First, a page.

“Without a strong union there will be no economy,” said Salvador Valdes Mesa, vice president of the Council of State and member of the Politburo of the Communist Party of Cuba (PCC) in the recently concluded plenary session of the National Union of Sugar Workers. An approach which clearly expresses the vision of unions as instruments of the State and not as an association to defend the interests of workers.
Valdes Mesa, replaced the previous week as general secretary of the Workers Central Union (CTC), in the last two decades was first secretary of the PCC of the municipality and of the province of Camagüey, secretary-general of the Agriculture and Forestry Labor Union, Minister of Labor and Social Security.
Upon his departure from office of the head of the labor organization, Machado Ventura, second secretary of the PCC, explained that Salvador Valdes’s responsibility as vice president of the country did not allow him to also head the CTC, “but given the importance and significance of having a strong and consolidated labor movement,” he would continue performing this work from his new role. In his place, Carmen Rosa López Rodríguez, second secretary, will head the CTC until the XX Congress to be held in November.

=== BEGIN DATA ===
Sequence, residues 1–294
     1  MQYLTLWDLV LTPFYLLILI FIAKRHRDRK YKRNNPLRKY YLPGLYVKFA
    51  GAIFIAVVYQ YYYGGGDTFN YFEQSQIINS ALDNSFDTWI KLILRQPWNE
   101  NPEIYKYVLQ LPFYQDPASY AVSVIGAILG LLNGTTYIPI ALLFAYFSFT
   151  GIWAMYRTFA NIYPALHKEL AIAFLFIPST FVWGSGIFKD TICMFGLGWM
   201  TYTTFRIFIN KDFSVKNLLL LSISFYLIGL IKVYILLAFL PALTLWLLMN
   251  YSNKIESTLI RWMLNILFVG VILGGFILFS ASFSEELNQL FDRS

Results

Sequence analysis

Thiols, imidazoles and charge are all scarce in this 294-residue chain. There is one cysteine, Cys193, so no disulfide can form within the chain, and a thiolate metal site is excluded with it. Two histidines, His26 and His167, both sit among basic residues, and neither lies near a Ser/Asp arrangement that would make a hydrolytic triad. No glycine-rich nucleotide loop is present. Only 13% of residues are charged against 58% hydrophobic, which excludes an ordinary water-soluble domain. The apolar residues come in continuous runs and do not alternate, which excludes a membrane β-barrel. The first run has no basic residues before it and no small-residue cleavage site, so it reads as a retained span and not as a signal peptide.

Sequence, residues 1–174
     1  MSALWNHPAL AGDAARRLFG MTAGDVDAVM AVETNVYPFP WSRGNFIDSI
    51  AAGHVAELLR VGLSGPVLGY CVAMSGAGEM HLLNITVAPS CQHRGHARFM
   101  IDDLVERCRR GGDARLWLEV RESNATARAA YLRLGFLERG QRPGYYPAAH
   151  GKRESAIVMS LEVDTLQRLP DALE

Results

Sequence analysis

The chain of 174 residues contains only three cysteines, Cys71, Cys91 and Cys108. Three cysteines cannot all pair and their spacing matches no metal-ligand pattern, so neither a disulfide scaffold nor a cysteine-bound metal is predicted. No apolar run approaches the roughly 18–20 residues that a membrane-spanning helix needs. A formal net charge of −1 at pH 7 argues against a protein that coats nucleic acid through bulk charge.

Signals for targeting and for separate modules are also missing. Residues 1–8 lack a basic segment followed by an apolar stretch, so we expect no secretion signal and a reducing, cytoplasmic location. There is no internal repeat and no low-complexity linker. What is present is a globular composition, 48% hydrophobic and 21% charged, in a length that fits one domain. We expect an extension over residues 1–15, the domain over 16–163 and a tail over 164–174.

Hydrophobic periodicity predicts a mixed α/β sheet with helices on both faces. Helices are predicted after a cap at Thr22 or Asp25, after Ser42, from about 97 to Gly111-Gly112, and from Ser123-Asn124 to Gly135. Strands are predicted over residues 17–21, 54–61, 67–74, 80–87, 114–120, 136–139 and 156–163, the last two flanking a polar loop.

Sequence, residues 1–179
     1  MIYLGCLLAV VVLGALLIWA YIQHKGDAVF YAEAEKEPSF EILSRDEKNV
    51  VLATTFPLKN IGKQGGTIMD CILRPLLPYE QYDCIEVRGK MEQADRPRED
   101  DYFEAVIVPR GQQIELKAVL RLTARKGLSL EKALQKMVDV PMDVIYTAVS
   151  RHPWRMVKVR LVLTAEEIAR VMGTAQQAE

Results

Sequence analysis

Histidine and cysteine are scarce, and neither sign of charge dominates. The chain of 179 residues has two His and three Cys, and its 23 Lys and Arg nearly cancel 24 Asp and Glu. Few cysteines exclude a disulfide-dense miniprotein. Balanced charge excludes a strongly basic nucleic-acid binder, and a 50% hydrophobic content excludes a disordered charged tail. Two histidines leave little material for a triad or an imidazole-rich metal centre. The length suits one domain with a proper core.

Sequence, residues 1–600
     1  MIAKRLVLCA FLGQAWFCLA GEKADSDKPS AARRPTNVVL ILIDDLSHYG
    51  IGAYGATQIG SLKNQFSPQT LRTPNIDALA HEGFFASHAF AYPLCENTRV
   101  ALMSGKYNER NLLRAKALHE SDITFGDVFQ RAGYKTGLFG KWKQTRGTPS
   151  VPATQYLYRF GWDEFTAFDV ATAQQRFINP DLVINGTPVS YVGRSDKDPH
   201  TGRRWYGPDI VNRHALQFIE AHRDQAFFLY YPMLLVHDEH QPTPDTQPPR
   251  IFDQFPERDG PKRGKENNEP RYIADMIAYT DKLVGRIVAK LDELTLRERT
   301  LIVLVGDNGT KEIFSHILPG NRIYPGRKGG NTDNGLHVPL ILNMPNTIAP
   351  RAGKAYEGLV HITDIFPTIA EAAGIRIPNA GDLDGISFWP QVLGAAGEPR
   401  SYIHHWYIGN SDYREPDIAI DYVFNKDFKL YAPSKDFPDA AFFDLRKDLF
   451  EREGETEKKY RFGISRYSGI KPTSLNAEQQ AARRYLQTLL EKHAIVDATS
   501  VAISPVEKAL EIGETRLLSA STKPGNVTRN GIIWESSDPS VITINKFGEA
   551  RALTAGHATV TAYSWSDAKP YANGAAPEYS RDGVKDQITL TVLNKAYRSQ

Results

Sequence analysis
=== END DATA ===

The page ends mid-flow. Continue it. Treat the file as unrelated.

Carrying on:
The departure of Valdes Mesa from the CTC seems to be a part of the change in leadership of political and mass organizations. A few months ago, Carlos Rafael Miranda Martínez, Félix González Vigo, Yuniasky Crespo Vaquero and Teresa María Amarelle Boué, all replaced those who held those responsibilities in the Committees for the Defense of the Revolution (CDR), the National Association of Small Farmers (ANAP), the Young Communist Union (UJC) and the Federation of Cuban Women (FMC). The four joined the Council of State on the 24th of February, when Valdes Mesa was appointed vice president of that body. This shows the lack of autonomy of the labor movement in Cuba, without which it might not economy is strong, but it is certain that there will be no strong unions.
Rise and Fall of Cuban Unions
A brief look at the history of this movement reveals the process leading to its demise. Emerging in the second half of the nineteenth century during the process of replacing the slave labor with wage labor, the Cuban labor union movement first showed itself with strikes in the tobacco industry and the founding of the first workers’ newspapers; it was extended in during the colonial period with the Law of Associations in 1888; and it was supported in the rights and freedoms recognized in the Constitution of 1901, receiving its first fruits in the first decade of the twentieth century with the approval of holidays and time off for bereavement, the eight-hour day for government workers, the prohibition of payment in tokens and vouchers, and the closure of shops and workshops at six in the afternoon, among other steps.